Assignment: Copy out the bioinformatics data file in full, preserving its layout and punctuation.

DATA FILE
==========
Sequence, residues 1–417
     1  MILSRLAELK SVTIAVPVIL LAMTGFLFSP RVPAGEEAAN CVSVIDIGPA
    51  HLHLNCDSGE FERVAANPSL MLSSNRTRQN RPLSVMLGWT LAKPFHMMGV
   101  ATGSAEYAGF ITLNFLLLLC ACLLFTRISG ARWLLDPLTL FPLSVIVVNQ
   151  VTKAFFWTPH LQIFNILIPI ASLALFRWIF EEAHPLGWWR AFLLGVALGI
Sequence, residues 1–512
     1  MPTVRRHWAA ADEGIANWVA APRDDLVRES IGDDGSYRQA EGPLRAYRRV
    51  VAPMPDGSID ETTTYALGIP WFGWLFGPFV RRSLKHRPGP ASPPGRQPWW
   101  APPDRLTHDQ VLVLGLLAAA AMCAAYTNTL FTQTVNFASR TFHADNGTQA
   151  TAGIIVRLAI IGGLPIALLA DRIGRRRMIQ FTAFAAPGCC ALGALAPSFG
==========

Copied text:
Sequence, residues 1–417
     1  MILSRLAELK SVTIAVPVIL LAMTGFLFSP RVPAGEEAAN CVSVIDIGPA
    51  HLHLNCDSGE FERVAANPSL MLSSNRTRQN RPLSVMLGWT LAKPFHMMGV
   101  ATGSAEYAGF ITLNFLLLLC ACLLFTRISG ARWLLDPLTL FPLSVIVVNQ
   151  VTKAFFWTPH LQIFNILIPI ASLALFRWIF EEAHPLGWWR AFLLGVALGI
Sequence, residues 1–512
     1  MPTVRRHWAA ADEGIANWVA APRDDLVRES IGDDGSYRQA EGPLRAYRRV
    51  VAPMPDGSID ETTTYALGIP WFGWLFGPFV RRSLKHRPGP ASPPGRQPWW
   101  APPDRLTHDQ VLVLGLLAAA AMCAAYTNTL FTQTVNFASR TFHADNGTQA
   151  TAGIIVRLAI IGGLPIALLA DRIGRRRMIQ FTAFAAPGCC ALGALAPSFG